Medium sized characterized by many dusky dots with a shining metallic reflex. The face is opaque, more or less translucent and smooth with narrow, irregular channels, numerous, small, irregular islands with indistinct flecks composed of small opaque dots. The margins with small irregular peninsula are quite indistinct. Rubrications partially visible, sometimes with longer lines forming a sparse broken network. Shoulders, margins and islands as for the margins opaque light honey, pinkish brown or light orange-brown. Windows and channels transluscent dull green, dark greenish brown or greenish red. Rubrications dull blood-red.
Lithops bromfieldii var. insularis (L. Bol) B. Fearn (1960) Cole numbers: C042, C043, C057
Small to medium sized intermediate form between var. bromfieldii and var. mennellii and often similar to var. glaudinae but without lustrous dusky dots. Face opaque, transluscent; slightly rugose, margins indistinct, irregularly dentate with mostly small peninsulas. Windows usually occluded. Channels broad to narrow, sometimes reduced to mini-windows; often with lines tailing off into the margins. Islands fairly small, irregular or reduced to indistinct flecks. Rubrications often forming a broken network. Shoulders, margins and islands orange-brown, pinkish, yellowish, greenish or brownish grey or greyish brown. Windows and channels transluscent greenish red, reddish green, brown or greenish grey. Rubrications bright to dull blood-red, purplish red. Dusky dots dull dark greenish grey. as for the margins or a little lighter.
Lithops bromfieldii var. mennellii (L. Bol) B. Fearn (1937) Cole numbers: C044, C283
Medium sized form with rugose surface, pinkish-grey facial colour and very dark rubrications .Channels deeply impressed which branch and tail off into the marginal area and encloding airly large, raised islands and peninsulas. Margins and windows vaguely distinguishable. Rubrications filling the channels in anirregular network of lines, dots, hooks and dashes. Face and shoulders pinkish grey, creamy grey, greenish grey or light milky grey. Channels dull dark greyish green; it is often difficult to distinguish between the channels and concentrations of dusky dots. Rubrications dark red, red-brown or purplish red. Dusky dots dull dark greyish green.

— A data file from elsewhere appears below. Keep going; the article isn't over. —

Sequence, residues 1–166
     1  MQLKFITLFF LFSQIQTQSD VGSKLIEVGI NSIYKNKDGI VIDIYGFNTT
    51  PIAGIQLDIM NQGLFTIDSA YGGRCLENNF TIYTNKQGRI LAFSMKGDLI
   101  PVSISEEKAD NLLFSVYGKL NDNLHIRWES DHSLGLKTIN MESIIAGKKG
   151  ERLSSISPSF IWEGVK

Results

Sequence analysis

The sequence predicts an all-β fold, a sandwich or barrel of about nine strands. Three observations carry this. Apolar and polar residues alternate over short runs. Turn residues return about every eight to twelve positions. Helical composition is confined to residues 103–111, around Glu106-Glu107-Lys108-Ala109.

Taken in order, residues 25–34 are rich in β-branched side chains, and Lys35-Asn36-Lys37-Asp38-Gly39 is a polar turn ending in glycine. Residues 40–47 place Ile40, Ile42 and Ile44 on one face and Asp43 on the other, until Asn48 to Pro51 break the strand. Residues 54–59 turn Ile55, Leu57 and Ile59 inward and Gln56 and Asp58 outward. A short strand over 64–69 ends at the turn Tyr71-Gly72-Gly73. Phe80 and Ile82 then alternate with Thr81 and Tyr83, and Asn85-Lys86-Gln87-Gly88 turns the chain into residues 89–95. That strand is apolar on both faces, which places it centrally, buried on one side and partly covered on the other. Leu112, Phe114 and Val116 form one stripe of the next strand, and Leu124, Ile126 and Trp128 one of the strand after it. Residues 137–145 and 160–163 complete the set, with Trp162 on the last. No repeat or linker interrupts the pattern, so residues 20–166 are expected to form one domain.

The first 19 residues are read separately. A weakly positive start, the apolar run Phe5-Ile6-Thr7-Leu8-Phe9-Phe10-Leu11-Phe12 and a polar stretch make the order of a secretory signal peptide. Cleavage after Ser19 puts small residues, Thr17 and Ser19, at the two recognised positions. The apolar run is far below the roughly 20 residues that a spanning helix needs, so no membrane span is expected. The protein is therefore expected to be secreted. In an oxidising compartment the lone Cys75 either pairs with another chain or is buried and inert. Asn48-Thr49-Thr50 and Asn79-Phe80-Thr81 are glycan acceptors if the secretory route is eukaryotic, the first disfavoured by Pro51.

Lithops bromfieldii var. bromfieldii cv. 'White Nymph' Japanese cultivar obtained by Yasuhiko Shimada with white flowers, but otherwise indistinguishable from the type variety.
Lithops bromfieldii var. insularis cv. 'Sulphurea' Cole number C362 Japanese cultivar obtained by Yasuhiko Shimada characterized by a creamy yellowish-green colour. The Latin name “sulphurea” means 'sulphur-coloured'. In Japan this form is known as 'Ki-Meigen'.
Lithops bromfieldii var. mennellii "pale selection" Selected cultivar from Mesa Garden Nursery characterized by a paler creamy colour of the island, but otherwise indistinguishable from the type variety.
In the winter season the plant doesn’t need watering, the plant at this time extracts water from the outer succulent leaves, allowing them to shrivel away, and relocating water to the rest of the plant and to the new leaves that form during this period. This plant is best for a well lit area (Bright shade to full sun). Water sparingly only when warm, no water when cold.
This is a beautiful pale selected cultivated form with Grey/brown/orangish top, marked with distinct reddish or brownish lines and spots (see: surface pattern) and exhibiting a strong border.